To the four winds


South wind bends the slender stems
Of flowers bowed beneath its light caress
Scattering the perfume gathered in cool bowls
Of petals cupped around the flowers’ heart.
Wind from the west blusters and blows
Herding rain clouds straight from the sea
Barging the skeins of voyaging geese
Tossing light and shade from a changing sky.
Cold bites hard when the wind’s in the east
Dry and bitter with the arid taste of steppes
Ruffling the feathers of huddled birds
Sweeping the sky smooth as an icebound lake.
But when the winter wind roars from the icefields of the north
I hear ancient sagas in its chilly voice
Told beneath the smoky beams of halls that rotted long ago
Tossed upon the backs of glassy waves
And chanted by the sea grey clouds
Rowing the turbulent snowy sky.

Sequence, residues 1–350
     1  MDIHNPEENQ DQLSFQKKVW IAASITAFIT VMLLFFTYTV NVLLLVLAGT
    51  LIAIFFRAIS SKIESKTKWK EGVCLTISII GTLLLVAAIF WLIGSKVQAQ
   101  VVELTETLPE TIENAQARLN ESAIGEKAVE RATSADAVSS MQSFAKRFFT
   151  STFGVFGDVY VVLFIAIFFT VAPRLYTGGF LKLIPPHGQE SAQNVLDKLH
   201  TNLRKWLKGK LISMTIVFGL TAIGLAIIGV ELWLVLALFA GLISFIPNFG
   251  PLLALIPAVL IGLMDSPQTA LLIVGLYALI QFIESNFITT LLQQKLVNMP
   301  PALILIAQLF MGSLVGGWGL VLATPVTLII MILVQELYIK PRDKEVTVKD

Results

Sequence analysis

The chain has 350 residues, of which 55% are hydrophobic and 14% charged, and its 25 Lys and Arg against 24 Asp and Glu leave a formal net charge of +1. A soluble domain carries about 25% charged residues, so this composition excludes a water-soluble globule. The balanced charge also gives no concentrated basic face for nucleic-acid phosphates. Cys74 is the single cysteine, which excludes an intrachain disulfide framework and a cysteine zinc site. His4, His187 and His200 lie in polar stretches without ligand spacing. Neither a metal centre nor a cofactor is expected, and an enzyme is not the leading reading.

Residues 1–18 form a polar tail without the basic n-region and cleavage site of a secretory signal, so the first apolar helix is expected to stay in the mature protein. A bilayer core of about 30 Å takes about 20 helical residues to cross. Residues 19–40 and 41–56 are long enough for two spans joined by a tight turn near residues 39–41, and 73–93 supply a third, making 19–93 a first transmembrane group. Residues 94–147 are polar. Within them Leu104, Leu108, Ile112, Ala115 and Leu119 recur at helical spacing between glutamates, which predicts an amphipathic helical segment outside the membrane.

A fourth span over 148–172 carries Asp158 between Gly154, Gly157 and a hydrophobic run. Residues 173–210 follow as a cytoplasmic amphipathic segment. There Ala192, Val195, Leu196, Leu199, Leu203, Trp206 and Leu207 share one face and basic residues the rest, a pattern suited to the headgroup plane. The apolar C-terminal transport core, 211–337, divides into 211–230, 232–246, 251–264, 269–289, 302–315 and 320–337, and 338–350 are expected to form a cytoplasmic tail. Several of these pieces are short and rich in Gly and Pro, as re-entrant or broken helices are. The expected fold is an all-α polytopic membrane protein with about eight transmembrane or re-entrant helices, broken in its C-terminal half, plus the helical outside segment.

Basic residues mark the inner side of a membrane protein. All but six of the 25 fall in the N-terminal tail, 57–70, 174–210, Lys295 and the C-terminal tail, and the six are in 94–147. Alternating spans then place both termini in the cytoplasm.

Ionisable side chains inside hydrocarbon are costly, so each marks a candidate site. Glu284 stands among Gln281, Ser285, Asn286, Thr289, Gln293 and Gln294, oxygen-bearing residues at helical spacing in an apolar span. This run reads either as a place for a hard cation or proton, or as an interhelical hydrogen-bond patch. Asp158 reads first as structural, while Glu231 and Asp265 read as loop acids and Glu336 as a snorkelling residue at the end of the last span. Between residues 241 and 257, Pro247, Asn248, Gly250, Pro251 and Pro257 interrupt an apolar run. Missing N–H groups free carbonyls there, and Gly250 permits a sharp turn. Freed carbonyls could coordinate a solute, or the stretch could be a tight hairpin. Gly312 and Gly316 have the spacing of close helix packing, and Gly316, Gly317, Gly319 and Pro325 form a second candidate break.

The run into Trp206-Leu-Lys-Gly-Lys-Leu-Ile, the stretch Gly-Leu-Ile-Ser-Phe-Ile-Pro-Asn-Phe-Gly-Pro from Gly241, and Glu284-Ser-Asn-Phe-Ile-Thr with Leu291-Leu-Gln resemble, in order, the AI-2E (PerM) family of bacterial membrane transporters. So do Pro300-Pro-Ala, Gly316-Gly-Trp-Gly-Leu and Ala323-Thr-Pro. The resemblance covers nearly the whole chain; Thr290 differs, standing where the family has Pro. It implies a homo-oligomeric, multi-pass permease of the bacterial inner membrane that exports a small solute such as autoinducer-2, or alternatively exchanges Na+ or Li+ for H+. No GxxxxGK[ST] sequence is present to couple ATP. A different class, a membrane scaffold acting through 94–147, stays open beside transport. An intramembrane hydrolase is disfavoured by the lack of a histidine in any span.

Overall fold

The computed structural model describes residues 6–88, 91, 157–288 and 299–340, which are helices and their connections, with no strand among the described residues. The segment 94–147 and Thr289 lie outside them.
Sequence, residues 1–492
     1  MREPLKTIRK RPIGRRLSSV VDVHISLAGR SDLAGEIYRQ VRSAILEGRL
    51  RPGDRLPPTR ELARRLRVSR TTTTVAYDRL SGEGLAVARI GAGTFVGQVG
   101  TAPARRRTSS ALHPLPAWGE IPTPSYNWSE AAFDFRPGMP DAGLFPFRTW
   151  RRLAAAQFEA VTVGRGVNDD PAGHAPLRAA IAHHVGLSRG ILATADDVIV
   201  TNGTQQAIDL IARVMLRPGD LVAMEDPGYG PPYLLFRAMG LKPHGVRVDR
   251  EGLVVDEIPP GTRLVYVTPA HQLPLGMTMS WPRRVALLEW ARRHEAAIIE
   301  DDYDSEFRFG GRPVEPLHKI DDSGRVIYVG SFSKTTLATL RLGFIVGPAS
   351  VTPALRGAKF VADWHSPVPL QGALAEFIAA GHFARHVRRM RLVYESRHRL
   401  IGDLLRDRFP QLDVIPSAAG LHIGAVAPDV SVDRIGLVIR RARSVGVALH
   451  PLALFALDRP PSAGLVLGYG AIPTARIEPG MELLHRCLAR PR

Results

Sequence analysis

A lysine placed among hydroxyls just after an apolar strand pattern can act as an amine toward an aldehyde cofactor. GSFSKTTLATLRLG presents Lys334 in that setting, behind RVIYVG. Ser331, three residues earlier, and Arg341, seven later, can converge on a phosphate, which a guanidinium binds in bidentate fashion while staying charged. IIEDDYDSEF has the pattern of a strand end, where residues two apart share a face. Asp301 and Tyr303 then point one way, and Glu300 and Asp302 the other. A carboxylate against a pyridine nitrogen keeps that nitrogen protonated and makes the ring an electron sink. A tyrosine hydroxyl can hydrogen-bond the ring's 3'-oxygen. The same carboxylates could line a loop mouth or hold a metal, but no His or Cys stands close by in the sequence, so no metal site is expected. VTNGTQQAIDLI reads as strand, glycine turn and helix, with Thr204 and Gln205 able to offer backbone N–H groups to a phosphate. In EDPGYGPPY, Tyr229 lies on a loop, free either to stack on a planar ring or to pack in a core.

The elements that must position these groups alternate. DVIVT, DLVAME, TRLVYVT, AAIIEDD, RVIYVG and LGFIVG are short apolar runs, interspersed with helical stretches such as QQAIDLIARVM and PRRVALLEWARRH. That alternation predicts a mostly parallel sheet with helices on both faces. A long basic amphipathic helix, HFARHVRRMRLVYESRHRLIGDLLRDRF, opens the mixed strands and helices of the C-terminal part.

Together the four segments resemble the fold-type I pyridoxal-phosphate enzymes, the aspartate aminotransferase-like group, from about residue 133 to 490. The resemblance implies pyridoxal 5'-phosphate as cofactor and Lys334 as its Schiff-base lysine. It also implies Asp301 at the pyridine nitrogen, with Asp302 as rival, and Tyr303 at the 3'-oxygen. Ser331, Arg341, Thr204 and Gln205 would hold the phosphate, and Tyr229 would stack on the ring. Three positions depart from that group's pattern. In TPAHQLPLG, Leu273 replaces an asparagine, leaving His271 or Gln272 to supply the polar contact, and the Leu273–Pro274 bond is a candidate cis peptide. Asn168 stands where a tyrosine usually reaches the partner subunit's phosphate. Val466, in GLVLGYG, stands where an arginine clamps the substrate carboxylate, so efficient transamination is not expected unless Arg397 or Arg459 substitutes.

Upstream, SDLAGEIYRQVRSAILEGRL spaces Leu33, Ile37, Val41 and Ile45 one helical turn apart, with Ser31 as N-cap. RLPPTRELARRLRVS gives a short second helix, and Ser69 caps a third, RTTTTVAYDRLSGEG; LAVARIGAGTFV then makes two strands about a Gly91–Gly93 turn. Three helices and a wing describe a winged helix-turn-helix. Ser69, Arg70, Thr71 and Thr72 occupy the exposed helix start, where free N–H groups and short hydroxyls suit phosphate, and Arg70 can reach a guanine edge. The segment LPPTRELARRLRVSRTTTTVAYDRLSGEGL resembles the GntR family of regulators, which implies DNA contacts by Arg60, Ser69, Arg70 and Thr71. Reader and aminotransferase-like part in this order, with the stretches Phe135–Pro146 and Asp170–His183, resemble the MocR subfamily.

Three storm haikus


River ravels rafts
Water-lashed broken branches
Gulls perch storm trophies.

The garden trembles
With Atlantic gusts—rose bows
Scattering petals.

Black cloud spews torrents
Rods of pewter rain slew slick
Lightning-streaked chaos.



Ghost tree, the silvery poplar
When the north wind sharpens its edge
And bends the boughs along the bank
And ruffles its hand through the sedge.
Ghostly the voices that murmur
In the branches that scratch at the eaves
The sedge sighs and whispers in sadness
To the poplars’ wind-rattled leaves.
The high tide carries wild voices
When the wind scatters silvery frost
But only the poplars listen
And repeat the songs of the lost.
The countryfolk hear the lamenting
In the north wind and stop their ears
Gainst the keening that wails through the poplars
The death songs that nobody hears.

The wind in the poplars


The wind from the sea
Soughs in the trees
Its sinister hiss
Like the song of the surf
As it rakes through the debris
Left by the tides
And spits out the pebbles
That stick in its craw.
Wind shakes the branches
Playing the dirge
Of drowned souls and dead stones
Full fathom five
Where cold water rolls
And above the wind cries
With their voice in the leaves
To the wide open sky.